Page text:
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Fascinated by Robot Dreams

Fascinated by Robot Dreams

Photographer:Fotograaf: Anne Roefs/ Simone Golob

Pascal van Gerven inspired by Isaac Asimov

“I think that it was the late Piet Vroon who inspired me to go into science,” Pascal van Gerven (44), assistant professor at the Faculty of Psychology and Neurosciences, e-mails from the North of Italia where he is staying at the moment. A little later – when he glances through the list of those who went before him in this series – he writes: “Ha ha, I see that my colleague Carolien Martijn has already mentioned him.”

Van Gerven does not want to be awkward, so in no time at all he comes up with an alternative: Isaac Asimov (1920-1992). “My own early hero,” says Van Gerven. This American writer was one of the greatest science fiction writers of the twentieth century. When it comes to science fiction, it is more the ‘science’ that appeals to Van Gerven, rather than the ‘fiction’. “I don’t like Star Wars or Star Trek. I am more into scientific analysis, the hypotheses, and the vision of the near future. Like 1984 by George Orwell.”

At the end of his secondary school days, Van Gerven read two of Asimov’s ‘robot novels’, of which the Robot Dreams collection stayed with him most. “I really looked up to that man back then, I really thought he was great.” A book about robots? “I admit that was a bit nerdy,” he laughs. “I was fascinated by artificial intelligence, the question whether you could make robots intelligent, whether you could imitate intelligence, and what it is that makes people intelligent. Also, what are the risks if you let robots control the world? Asimov had a fascinating way of write about that. He developed The Three Laws that robots from his stories had to abide by, the laws of robotics. Firstly, A robot may not injure a human being or, through inaction, allow a human being to come to harm. Secondly, A robot must obey the orders given it by human beings, except where such orders would conflict with the First Law. Thirdly, A robot must protect its own existence as long as such protection does not conflict with the First or Second Laws. I find this very interesting: such simple rules to which there appear to be no exceptions possible.” Appear to be, because in Asimov’s stories things go wrong after all: robots that injure people, robots with defaults.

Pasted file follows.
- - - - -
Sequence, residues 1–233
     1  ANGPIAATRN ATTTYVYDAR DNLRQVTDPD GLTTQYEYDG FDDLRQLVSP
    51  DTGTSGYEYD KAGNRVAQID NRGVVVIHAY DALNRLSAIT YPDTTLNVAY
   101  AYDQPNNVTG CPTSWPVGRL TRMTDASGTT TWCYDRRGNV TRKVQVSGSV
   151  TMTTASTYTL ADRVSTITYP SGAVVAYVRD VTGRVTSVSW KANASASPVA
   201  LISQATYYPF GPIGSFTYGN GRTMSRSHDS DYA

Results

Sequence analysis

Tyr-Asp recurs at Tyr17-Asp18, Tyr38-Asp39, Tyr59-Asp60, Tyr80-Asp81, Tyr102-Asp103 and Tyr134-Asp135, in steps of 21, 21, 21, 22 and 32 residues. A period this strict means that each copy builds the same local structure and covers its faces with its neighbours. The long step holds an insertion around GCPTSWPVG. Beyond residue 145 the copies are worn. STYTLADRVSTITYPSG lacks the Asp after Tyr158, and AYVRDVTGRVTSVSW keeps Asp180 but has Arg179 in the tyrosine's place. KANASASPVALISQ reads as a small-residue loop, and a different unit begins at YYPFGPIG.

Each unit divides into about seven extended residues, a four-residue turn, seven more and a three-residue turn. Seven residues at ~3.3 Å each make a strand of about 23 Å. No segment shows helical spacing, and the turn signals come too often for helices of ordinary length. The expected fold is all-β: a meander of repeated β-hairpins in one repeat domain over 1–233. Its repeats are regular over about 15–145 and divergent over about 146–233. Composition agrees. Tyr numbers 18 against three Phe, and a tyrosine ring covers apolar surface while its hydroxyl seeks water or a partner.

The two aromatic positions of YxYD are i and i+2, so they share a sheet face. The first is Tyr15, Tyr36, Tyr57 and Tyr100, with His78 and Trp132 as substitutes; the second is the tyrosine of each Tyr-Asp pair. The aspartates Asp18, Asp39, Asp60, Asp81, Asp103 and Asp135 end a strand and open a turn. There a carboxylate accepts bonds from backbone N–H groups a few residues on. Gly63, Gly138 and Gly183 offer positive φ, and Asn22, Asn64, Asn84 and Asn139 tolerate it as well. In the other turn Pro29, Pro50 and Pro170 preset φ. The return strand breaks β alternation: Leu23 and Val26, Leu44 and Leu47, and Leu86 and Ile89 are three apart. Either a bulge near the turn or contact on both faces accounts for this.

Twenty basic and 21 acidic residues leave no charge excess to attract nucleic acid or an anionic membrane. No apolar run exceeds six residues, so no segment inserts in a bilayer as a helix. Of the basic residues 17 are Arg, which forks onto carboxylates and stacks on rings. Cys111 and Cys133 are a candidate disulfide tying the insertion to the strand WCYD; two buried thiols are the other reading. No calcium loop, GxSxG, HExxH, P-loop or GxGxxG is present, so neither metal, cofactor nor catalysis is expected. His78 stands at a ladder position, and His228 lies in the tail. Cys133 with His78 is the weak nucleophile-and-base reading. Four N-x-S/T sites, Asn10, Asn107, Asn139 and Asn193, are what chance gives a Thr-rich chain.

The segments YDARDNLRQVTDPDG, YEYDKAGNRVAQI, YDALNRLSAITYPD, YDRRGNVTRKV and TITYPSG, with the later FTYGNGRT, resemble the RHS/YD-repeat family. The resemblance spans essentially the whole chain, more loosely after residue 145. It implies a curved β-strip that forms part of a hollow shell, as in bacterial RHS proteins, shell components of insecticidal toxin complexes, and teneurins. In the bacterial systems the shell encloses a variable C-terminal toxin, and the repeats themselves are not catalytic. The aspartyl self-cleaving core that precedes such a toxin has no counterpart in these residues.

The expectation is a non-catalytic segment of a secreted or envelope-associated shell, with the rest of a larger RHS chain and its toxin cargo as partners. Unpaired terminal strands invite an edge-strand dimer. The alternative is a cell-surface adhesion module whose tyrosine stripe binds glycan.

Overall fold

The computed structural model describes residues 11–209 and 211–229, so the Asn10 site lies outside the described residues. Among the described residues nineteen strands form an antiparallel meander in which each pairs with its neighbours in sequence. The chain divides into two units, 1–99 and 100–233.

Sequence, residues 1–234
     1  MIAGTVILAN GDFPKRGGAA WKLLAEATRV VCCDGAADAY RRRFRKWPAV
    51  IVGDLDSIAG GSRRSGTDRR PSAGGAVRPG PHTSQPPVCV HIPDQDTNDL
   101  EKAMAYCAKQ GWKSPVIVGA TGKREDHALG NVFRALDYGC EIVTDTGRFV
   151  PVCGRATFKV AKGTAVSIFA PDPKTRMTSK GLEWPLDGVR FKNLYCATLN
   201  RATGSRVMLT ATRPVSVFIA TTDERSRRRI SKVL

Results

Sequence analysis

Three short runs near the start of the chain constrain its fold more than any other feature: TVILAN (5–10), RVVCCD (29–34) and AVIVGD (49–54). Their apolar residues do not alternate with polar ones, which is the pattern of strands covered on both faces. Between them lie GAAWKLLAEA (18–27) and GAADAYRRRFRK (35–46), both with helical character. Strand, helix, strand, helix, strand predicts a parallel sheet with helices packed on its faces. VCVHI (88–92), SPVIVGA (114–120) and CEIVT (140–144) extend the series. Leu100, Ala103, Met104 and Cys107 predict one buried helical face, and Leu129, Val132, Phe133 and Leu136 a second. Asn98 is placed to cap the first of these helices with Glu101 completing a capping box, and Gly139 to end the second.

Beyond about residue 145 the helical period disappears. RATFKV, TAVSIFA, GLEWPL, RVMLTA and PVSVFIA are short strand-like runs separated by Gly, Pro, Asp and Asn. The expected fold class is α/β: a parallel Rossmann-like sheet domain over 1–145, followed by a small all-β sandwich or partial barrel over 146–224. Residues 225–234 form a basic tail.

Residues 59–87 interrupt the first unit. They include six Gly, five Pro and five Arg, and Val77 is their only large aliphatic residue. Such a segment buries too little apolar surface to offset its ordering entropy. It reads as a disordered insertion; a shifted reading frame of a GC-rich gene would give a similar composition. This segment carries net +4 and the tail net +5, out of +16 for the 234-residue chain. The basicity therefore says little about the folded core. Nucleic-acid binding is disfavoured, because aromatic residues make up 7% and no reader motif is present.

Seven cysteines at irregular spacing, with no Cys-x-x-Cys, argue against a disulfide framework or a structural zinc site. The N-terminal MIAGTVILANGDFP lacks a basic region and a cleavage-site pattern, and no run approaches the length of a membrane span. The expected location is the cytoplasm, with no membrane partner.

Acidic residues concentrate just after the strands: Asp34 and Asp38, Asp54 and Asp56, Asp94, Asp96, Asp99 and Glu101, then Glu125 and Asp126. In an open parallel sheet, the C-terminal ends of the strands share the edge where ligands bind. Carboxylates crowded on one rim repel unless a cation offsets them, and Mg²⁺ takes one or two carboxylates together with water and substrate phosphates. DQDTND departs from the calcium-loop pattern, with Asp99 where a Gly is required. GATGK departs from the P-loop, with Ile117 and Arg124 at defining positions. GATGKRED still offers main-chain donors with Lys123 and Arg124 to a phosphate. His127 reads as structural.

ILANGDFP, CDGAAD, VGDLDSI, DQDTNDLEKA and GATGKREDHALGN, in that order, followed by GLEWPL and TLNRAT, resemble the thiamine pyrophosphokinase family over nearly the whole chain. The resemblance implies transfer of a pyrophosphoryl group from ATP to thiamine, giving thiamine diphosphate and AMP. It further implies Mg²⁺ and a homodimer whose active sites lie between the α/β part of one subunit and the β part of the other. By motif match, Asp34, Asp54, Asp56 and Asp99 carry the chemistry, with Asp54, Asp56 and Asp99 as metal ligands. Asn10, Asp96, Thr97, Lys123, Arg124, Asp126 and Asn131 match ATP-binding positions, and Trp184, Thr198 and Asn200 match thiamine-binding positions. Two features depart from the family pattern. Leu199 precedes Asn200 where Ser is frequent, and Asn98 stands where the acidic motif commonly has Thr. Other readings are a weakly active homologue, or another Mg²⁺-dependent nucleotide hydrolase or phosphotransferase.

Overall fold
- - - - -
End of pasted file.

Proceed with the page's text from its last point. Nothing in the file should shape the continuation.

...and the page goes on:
As a child, Van Gerven had everything in him to become a scientist: he spent hours looking through the microscope and leafing through encyclopaedias. “I always wanted to know things. I romanticised science, as if we lived in a world where scientists were able to do what they wanted, where they had carte blanche. I now know better.”
After grammar school, the young Van Gerven was facing the choice between chemistry or psychology. “Maybe Asimov brought me to this crossroads, he was trained as a biochemist.” Still, Asimov never did much in his profession as a biochemist. He found his passion in writing.

Van Gerven chose chemistry at the university in Nijmegen. But after two months he knew: “This is not for me. Too complicated.” For the rest of the year, he continued with biology in order to be able to start with psychology in the second year. Along the way, he specialised in experimental psychology, the theory of functions, in which the emphasis lies on the functions of the brain. Robots don’t come into it, but there is definitely some common ground with artificial intelligence.

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